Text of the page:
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Blackburn

 

The Blackburn Aeroplane Company was founded by Robert Blackburn, who had designed and built his first aircraft in 1909. The Blackburn Aeroplane & Motor Company was created in 1914. A new factory was built at Brough, East Riding of Yorkshire in 1916.
 
Throughout the company's history the emphasis was on the design and production of naval aircraft; its first for the Royal Navy was the twin-engined GP seaplane of 1916. A similar landplane, the Kangaroo, was supplied to the RAF in 1918. Aircraft to serve with the Navy include the Baffin, Blackburn, Buccaneer, Dart, Firebrand, Ripon, Roc, Shark and Skua. In 1930 acquired Cirrus Hermes Engineering Co. By acquiring the Cirrus-Hermes company in 1937, Blackburn started producing aircraft engines - the Blackburn Cirrus range. Blackburn Aircraft Company founded 1936. The company's name was changed to Blackburn Aircraft Limited in 1939.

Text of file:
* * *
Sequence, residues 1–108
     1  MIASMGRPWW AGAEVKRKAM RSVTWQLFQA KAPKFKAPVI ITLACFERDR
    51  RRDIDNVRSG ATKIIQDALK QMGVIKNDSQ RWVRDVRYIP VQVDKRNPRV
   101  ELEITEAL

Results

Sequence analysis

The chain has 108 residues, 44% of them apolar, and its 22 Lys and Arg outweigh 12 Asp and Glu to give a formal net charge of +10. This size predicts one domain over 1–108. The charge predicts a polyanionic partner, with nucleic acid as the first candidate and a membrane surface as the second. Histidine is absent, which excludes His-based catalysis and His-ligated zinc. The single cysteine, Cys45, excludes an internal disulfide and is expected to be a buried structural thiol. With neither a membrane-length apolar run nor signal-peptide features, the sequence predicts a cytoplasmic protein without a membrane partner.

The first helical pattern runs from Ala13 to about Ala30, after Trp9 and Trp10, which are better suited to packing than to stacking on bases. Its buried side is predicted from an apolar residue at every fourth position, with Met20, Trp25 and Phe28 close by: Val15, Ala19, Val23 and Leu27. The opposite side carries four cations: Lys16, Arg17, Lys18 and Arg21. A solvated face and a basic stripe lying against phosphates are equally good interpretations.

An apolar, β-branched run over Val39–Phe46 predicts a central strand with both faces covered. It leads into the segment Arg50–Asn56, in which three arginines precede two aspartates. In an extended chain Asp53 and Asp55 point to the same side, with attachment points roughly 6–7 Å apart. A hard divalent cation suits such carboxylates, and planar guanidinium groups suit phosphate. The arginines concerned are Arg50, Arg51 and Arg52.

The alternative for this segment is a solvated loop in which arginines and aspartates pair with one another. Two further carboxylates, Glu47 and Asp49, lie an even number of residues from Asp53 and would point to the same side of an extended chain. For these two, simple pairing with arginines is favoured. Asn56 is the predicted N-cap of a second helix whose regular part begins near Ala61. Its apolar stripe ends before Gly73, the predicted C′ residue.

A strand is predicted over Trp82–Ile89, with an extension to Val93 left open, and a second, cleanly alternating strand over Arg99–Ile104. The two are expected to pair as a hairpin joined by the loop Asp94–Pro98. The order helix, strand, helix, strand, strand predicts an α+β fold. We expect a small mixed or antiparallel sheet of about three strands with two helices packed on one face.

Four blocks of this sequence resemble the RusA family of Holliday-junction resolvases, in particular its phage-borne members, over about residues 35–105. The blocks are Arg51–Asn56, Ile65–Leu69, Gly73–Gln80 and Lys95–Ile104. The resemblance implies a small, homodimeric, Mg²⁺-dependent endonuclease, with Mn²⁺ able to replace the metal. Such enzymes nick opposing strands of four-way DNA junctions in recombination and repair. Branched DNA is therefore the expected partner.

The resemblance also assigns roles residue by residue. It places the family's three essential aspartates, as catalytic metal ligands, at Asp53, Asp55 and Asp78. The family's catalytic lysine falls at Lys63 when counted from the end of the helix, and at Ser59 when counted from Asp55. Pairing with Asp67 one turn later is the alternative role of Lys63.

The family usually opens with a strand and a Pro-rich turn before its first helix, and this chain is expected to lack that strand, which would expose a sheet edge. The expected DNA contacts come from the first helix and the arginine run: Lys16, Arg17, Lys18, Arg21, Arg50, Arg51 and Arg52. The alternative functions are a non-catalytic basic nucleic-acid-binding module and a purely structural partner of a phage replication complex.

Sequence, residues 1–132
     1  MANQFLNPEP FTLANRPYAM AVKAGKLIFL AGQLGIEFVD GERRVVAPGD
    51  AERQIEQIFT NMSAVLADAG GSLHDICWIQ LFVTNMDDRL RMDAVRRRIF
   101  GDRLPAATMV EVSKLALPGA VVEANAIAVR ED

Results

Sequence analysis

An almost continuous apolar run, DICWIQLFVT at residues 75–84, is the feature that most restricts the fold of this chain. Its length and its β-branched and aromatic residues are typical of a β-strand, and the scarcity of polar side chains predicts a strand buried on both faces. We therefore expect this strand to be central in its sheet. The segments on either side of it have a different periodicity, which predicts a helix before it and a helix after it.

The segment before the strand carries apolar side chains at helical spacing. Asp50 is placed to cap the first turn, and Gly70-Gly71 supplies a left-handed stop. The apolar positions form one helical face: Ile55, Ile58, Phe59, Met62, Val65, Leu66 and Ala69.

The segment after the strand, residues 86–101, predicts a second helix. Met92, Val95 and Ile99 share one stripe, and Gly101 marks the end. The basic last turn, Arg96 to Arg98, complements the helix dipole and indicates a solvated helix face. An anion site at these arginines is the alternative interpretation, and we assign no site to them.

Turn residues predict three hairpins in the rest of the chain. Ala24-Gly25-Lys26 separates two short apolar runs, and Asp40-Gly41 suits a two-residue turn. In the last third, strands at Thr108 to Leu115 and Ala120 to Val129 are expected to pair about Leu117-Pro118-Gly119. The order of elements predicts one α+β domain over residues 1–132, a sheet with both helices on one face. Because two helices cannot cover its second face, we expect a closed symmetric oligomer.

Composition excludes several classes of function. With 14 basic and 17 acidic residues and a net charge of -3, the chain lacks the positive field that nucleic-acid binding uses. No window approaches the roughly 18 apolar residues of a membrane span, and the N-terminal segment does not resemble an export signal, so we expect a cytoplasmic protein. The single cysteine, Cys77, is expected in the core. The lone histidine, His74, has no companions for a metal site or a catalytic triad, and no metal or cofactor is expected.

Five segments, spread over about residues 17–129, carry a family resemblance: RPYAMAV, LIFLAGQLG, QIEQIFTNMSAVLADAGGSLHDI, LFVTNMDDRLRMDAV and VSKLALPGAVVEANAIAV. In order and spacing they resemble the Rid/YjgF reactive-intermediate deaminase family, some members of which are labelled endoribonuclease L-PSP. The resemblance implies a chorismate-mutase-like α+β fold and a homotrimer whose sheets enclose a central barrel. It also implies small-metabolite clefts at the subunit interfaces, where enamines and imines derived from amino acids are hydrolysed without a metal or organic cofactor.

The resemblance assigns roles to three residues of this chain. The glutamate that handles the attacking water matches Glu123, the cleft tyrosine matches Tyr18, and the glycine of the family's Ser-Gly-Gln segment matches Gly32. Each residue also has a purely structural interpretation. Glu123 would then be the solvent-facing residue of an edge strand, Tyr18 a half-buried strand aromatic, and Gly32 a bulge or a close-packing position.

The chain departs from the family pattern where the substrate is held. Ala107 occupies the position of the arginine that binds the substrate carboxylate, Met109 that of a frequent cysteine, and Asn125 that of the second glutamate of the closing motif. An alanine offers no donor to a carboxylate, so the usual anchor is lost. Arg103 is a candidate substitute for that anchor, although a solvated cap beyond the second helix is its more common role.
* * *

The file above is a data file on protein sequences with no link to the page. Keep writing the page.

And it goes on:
During 1948, discussions between General Aircraft Ltd and the Humberside firm of Blackburn led to a merger of the two companies under the joint name of Blackburn & General Aircraft Ltd. The new company was formed on 1 January 1949 and it was proposed that all work in progress at the various factories be com­pleted as originally planned.
 
Company name reverted to Blackburn Aircraft Ltd. in 1959, when Blackburn & General became the holding company. Its aircraft production operation was absorbed into Hawker Siddeley in 1960, and its engine operations into Bristol Siddeley, as part of the rationalisation of British aircraft manufacturers, and the Blackburn name was dropped completely in 1963.

 

 

 


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